As has been noted, we've gotten LOTS of new, enthusiastic runners here thanks to the spotlight. I wanna say a hearty welcome to all of you! I've been noticing over the past day or so, a lot of people who are new to the community are also relatively new to running and are asking similar questions, or questions that have similar answers. So in the interest of trying to make things easy for everyone, I was thinking of making a 'getting into running' post for people just starting out or getting back into it after a long layoff or people who want to do it more regularly/seriously. I'm just going to list a few things I think are important for every beginning runner to keep in mind that hopefully also covers many of the questions they were wondering. Everyone and anyone should feel free to add their own advice, or spin on advice, or things that work for them, or correct me and tell me I'm dumb, or whatever else.
-The most important thing, I think, is to start off slowly. Don't expect that you're going to be running 5 minute miles, or 20 mile long runs, right away. If you do too much too soon, you're going to get hurt and then you won't be doing any running. Ease into it, I think a good rule of thumb is to increase intensity by 10% each week. A lot of beginners here have mentioned the Couch to 5K program.
-Don't be afraid to walk! I know this community is called 'runners' but sometimes walking in the middle of a run to break it up when it gets too hard can help you extend the length of your run, thus keeping your heart rate elevated for a longer period of time, giving you the cardiovascular benefits longer.
-Go to a running store and get someone who knows to help you find a running shoe that's right for you. Everyone's feet are different and as such different running shoes work best for different feet (high arches, low arches, etc.) It might be a tad pricey, but it could also prevent future injuries (it did for me!) and treating those can be costlier.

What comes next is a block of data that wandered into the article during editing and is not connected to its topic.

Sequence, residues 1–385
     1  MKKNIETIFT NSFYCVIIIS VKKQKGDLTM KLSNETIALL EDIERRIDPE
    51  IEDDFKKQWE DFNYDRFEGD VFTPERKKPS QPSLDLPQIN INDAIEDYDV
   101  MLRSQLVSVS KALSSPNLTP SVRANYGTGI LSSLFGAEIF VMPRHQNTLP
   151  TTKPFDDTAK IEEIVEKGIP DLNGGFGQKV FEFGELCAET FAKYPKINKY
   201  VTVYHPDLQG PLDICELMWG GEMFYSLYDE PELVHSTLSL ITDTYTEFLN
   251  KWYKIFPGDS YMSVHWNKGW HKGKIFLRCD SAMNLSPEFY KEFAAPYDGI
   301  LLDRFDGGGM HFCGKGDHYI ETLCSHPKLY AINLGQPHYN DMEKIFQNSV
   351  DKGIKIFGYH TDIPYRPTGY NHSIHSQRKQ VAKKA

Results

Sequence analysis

-Weight training is not just for bodybuilders and football players! This article explains why better than I could but essenitally it helps prevent injury, and improves your speed and stamina. Don't be afraid of resistance training, just make sure you do it right. For newbie weight trainers, I recommend Stumptuous.com which I know is more geared towards women but still has excellent information for everyone.
-MapMyRun is a great website that allows you to keep a running log of your runs, map out distances and elevations and save those routes for future use. There's other sites out there too that work just as well, that's just the one I use. Keeping track of what you've done can be a good motivator for the future. Setting short and long term goals can really help you stick with something and down the road you can look back with pride to see how far you've come!
-I think a big obstacle to people just starting out is actually making running a habit. If you skip a few days, that can turn into a week or two, then a month, and you're back at square one. So...Schedule a run like you would schedule a doctor's appt. or a meeting or a class. I know everyone has busy schedules and often it's easy to say I'll just run tomorrow, and it keeps getting pushed back. Set some time aside beforehand, and on a regular basis, and make that time "running time". If you stick to a routine, it'll become a habit
-It also can help to find someone to run with. If you know you're going to be running with a friend, it may help motivate you to push, or go in the first place, when you may not be feeling it that day. and vice versa.
-Get enough rest! Just like with any exercise, you're body needs time to recover, so make sure you get enough sleep, especially on days you run. It'll help with soreness and recovery time, so you can be ready for your next run!
-Get enough food! I know some people start running to lose weight and it can definitely help with that. But running on a severely restricted diet is dangerous. There's 8 gazillion different nutrition plans and each of them can work for some people and not for others. Whatever diet you're on, make sure to get enough carbs, they're the primary fuel for runs and not poison as some diet plans may have you believe. Just remember that if you've just started running, you're burning more calories than you have been normally.
-Keep in mind the weather. Remember than when you start running, you're body is going to warm up so I tend to dress a little lighter than what would be comfortable to walk around in and once I start running I warm up to a more comfortable temperature. Also cotton can get soaked in sweat and become uncomfortable, and even cold in the winter, so it may be worth investing in some moisture-whicking material that all major brands sell nowadays.
-Hydrate or die! Make sure, especially as you get into longer and longer distances and times, and in hotter weather, to keep yourself hydrated. If you start feeling light headed on a run, chances are you're NOT hydrated enough.
-Just do it baby.
Like I said, feel free to expound upon this, or add to it. I'm sure some of our other resident regulars have oodles more knowledge to impart to our newbies, and not-so-newbies too, that we'd all love to hear.